It's late October.
I have 20 minutes before I need to start getting the kids up for school.
Gary and I started looking for places last week doing drive-by's.
The boys are excited about this, stating their preferences of where they want us to look. Connor wants a place he can skate and walk to skateboard shops. Scott's hoping we'll have cable TV.
We found a place on Saturday that's midway between our house and Connor's school. About 3 miles away. It's a daylight basement in a house on 3 acres of spectacularly gardened property. As we spoke with the man who was showing it, I learned his wife is a published author.
She'd be an interesting person to live next to. Or below, I guess.
Though the apartment is quite nice, it's also quite small. I'm not sure I wouldn't feel claustrophobic.
Yesterday I'd put together an itinerary of about 10 properties to look at; we started north and worked our way south. The last one on our list had a sign out that said the leasing office was open so we parked in their lot and went to have a look-see.
There's no denying the location is superb. It's located a block or two from Washington Park, and straddles the Northwest 23rd district and downtown. It's a high-rise with unobstructed views of Portland to the north. She took us to an apartment that approximates the ones that will come available, but are still occupied and couldn't be shown. As we got off the elevator, a man asked us if we were looking at places and said, "It's great living here!" We walked in to the view, and a spectacularly clear rainbow that spanned the city. She took us to the rooftop, 24th floor which is open and appointed with tables, a sink, and barbeque.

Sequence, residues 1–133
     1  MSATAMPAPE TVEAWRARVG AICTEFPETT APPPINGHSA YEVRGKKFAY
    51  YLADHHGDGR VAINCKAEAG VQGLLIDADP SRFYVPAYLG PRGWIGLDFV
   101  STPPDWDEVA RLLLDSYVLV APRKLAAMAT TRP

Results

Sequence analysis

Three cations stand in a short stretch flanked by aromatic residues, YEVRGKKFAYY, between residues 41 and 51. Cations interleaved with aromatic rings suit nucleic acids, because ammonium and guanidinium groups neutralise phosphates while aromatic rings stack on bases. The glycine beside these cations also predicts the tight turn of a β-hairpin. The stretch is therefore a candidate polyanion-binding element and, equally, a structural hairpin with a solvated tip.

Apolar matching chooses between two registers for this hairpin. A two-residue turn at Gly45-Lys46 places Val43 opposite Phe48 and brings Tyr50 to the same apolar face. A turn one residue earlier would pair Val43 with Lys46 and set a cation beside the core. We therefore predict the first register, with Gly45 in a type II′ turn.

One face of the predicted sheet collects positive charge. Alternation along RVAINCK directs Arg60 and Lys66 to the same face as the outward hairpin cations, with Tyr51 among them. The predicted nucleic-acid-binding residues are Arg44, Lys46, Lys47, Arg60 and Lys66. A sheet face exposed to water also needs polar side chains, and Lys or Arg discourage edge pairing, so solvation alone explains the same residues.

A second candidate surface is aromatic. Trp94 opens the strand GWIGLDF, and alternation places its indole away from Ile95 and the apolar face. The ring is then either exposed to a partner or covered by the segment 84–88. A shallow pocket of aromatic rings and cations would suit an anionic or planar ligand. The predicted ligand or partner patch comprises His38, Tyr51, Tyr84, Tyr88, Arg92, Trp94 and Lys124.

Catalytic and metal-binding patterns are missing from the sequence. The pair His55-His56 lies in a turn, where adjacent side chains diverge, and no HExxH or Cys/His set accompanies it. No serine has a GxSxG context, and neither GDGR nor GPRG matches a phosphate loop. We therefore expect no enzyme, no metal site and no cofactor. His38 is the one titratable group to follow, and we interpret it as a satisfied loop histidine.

Granted, the place she showed us may have given us an unrealistically positive impression, because it was a double studio. To get the accurate feel we had to imagine a wall running through the middle of it and halving the living area we were standing in. It is also on the 21st floor. Maybe the actual flat that's available wouldn't give such a positive impression. Parking in this neighborhood is cheek-by-jowl, though for an extra $100/mo there is outside assigned parking in their lot. For $135 we can park inside the garage.
I can't help but wistfully think about what we could do with our house with a thousand + a month. If nothing else we could be saving a great nest egg for retirement; putting away sufficient money for the boys' college, landscaping our own property...
But I've just spent the past 5 years examining and re-examining the life he and I create together and concluding that it's not acceptable. And it's not going to change.
Separation is the logical outcome of the life we've been living. We haven't been living a life that supports any alternative to separation, that would support us in a partnership of raising our kids, improving our property together, saving for our future. We could still do it, but it would be at odds with the life we're living--a horse's mask on a pig's body. To live true to the life we've been living, we need to follow it's trajectory, which leads to spending over a thousand dollars a month to support a separate residence. That's all there is to it, and I should quit looking back.
Maybe that's what turned Lot's wife into a pillar of salt. Looking back immobilized her.